A two-day Urdu literature festival will kick off at Comsats Institute of Information Technology on Friday. The afternoon session will be held at Islamabad hotel.
The festival, being organised by Perveen Shakir Trust, will provide an opportunity to writers, intellectuals and academics to discuss the challenges being faced by Urdu language. Prominent personalities including Mustansar Hussain Tarar and Talat Hussain will also attend the festival. Poetry and short stories will be narrated in an interesting way. Talat Hussain will recite the poetry of Noon Meem Rashid. A gazal evening will also be arranged where famous singer Sara Raza Khan will perform.
Frenchman Julien Columeau reading in Urdu at a bookstore in Lahore. PHOTO: AFP
Frenchman Julien Columeau came to Pakistan at the age of 30 as a humanitarian worker – but a knack for languages and love for books have made him one of the country’s most innovative Urdu novelists.
Writing mainly historical fiction with a prose described as vivid and forceful, critics say that Columeau, now 41, has injected fresh life into the literary scene.
His works have featured at the country’s most prominent literature festivals with three novels published and more in the pipeline.
Nine snowy days in Istanbul, 1591. This is the setting of Orhan Pamuk’s widely red novel, Benim Adım Kırmızı. The story revolves around Eküre, a beautiful woman with two sons, who decides to look for a new husband four years after her own never returns from war. Enter three potential suitors — and chaos. Mystery, love, murder and the supernatural, these are the elements which, when combined, make up an enigmatic plot which haunts the reader long after the book has been put down.
Written by Pamuk in 1998, the book was translated into English in 2001 and is now commonly known as My Name is Red. This book not only helped establish Pamuk’s international reputation, but also contributed towards the Nobel Prize in Literature the author received in 2006.
The Society of Urdu Literature will host an international conference on Urdu next year and make the colloquium a regular annual feature as part of its efforts to promote the language in North America. Founder and renowned literary figure Abul Hasan Naghmi revealed this while speaking at an event held to mark the sixth anniversary of the organization, which has gained popularity with its acronym SOUL. Naghmi also pledged to broaden the organization’s outreach on the Internet through web television transmission and its publication the ‘Soul Gazette’.
Ask any publisher of Urdu books, great or small, about the sale of Urdu books and probably you will have to bear with a litany of complaints, including dismal figures of ever-dwindling sales and readers’ declining interest towards books in general and Urdu books in particular.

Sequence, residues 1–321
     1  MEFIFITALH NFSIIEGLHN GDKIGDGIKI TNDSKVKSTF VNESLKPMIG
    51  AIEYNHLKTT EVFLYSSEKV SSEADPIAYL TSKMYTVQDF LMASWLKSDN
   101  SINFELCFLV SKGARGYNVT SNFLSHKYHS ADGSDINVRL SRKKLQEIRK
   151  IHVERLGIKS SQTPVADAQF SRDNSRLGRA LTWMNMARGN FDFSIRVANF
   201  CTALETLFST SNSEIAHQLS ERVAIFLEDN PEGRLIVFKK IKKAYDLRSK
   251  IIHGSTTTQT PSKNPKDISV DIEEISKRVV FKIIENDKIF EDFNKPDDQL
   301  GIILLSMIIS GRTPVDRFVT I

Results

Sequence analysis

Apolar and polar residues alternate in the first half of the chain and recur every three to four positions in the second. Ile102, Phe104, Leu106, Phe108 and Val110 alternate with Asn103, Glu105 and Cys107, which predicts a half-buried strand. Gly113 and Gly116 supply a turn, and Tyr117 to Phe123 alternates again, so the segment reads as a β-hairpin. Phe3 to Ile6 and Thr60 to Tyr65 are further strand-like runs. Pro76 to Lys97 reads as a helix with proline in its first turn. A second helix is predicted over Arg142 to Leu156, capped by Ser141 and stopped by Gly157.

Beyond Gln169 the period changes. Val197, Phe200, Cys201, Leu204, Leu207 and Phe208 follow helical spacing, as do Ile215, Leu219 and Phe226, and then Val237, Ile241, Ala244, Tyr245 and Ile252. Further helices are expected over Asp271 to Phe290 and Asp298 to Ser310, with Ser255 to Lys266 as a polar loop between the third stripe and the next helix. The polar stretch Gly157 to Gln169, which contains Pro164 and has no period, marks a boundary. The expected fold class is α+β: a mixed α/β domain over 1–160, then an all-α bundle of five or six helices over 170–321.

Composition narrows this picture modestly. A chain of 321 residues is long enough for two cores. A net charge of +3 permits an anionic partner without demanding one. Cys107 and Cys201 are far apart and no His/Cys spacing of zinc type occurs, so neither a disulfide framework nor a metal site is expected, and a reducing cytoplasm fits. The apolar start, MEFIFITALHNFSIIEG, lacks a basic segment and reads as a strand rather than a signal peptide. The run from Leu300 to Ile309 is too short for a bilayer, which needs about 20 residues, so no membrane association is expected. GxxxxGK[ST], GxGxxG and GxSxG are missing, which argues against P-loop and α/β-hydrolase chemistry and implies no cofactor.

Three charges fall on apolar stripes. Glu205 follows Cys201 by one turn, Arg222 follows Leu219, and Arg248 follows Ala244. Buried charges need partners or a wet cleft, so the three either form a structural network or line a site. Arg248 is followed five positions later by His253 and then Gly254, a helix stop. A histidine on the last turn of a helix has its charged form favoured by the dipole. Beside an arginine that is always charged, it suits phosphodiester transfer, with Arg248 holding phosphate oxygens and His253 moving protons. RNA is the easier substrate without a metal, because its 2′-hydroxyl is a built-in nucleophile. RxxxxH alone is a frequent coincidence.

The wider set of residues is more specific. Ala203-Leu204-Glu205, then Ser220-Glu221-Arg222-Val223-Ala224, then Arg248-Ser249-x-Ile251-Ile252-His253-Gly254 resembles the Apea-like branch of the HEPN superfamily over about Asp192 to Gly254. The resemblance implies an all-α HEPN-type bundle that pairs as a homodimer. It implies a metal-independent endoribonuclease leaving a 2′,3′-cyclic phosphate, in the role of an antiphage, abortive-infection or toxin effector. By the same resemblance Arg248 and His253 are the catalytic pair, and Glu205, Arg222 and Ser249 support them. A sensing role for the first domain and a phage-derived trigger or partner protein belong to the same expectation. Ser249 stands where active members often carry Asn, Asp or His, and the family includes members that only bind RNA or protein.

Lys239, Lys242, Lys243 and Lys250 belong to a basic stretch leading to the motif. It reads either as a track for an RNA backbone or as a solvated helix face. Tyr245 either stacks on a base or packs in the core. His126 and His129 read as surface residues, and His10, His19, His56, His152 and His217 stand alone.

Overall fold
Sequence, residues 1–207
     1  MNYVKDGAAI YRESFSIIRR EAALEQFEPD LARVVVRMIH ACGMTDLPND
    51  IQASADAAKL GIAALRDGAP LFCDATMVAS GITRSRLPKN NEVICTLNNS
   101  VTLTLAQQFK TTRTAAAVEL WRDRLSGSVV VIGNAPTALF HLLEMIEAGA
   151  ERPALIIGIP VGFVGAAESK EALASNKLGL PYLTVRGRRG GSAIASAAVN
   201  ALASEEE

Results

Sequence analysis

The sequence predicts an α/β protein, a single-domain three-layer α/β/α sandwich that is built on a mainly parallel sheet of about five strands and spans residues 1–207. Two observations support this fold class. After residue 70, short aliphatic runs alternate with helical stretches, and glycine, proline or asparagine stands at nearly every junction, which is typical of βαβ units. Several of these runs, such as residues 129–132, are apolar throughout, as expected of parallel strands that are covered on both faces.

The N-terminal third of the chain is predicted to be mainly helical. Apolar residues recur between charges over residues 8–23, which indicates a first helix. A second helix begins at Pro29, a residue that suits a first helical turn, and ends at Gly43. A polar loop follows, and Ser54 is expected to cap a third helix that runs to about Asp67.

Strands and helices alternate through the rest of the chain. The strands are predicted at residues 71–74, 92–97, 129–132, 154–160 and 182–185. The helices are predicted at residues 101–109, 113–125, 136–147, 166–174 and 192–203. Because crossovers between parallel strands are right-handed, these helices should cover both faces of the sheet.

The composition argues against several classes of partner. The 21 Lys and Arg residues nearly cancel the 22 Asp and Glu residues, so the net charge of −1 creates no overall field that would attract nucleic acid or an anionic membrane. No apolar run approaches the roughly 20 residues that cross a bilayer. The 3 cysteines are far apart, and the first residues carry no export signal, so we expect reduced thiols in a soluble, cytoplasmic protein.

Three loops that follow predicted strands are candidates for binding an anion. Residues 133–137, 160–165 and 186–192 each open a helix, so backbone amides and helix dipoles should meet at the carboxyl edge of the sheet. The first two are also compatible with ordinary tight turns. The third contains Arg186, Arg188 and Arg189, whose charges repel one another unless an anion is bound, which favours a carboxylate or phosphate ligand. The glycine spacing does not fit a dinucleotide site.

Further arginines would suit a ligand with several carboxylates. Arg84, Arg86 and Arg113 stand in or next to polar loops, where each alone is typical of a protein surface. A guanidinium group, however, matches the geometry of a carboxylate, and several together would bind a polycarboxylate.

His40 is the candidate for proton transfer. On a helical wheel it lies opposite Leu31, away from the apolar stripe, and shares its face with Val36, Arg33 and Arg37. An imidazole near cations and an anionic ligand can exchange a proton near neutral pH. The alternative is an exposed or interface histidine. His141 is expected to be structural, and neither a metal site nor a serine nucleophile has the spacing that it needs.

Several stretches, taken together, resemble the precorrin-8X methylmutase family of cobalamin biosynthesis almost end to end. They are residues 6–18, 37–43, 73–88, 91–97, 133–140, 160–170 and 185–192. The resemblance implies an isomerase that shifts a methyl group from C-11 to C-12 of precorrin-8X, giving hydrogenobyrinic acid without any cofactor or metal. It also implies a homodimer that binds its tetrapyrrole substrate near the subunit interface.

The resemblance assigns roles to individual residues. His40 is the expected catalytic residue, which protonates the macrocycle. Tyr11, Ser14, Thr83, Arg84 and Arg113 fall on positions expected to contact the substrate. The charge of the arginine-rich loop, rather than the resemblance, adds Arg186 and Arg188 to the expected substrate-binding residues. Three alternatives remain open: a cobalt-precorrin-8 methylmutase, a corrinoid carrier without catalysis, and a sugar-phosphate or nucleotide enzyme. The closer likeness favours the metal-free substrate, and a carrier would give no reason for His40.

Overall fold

Some booksellers may also join in the elegiac chorus. But all you draw would be blank stares when you ask the same people why then they don’t close down and do something else for a living instead.
At www.dawn.com, Rauf Parekh writes that despite the usual gloom and doom complaints from publishers of Urdu books, “What I want to say is that during the year 2013 most of the publishers of Urdu books kept on churning out new as well as old titles despite their never-ending albeit fake pessimism.”
Moazzam Sheikh was born in Lahore, Pakistan. He studied business, film and library science and is currently a librarian in the Art/Music/Recreation department at the San Francisco public library. In addition, he teaches at City College of San Francisco, writes fiction, and translates fiction from Urdu/Hindi/Punjabi/English. His latest work of translation is Stories of Intizar Husain (Katha). He has also edited a collection of stories, A Letter from India: Contemporary Pakistani Short Stories (Penguin). Moazzam is the author of Cafe Le Whore and Other Stories (Weavers Press, 2013), and The Idol Lover and Other Stories of Pakistan (Ithuriel’s Spear, 2008).
Here’s an interview with Moazzam Sheikh.
Bhendi Bazaar Urdu Festival to be held in Mumbai: The Times of India In the 1930s, the Bhendi […]
This month, Pakistani author Musharraf Ali Farooqi launched a new publishing house, Kitab, to promote Urdu literature among children in Pakistan: Mid-Day
Farooqi: This year, which I spent trying and testing things, was an eye-opener. I travelled to schools in Lahore, Islamabad and Karachi and did sessions with children. We sold quite a few books there, and I returned with a better idea of how many copies I must actually print.
If Muslims and Hindus can live together in Sindh before the partition of the Subcontinent then why cannot the Sindhi and the Urdu-speaking population do the same. It is a socio-cultural matter but the so-called politicians have made it very controversial, commented renowned Sindhi intellectual Amar Jaleel.
He was speaking at a seminar, titled ‘Dawn in the Valley of Wisdom’, organised by the Sindh Abhyas Academy of the Shaheed Zulfikar Ali Bhutto Institute of Science and Technology on Sunday evening.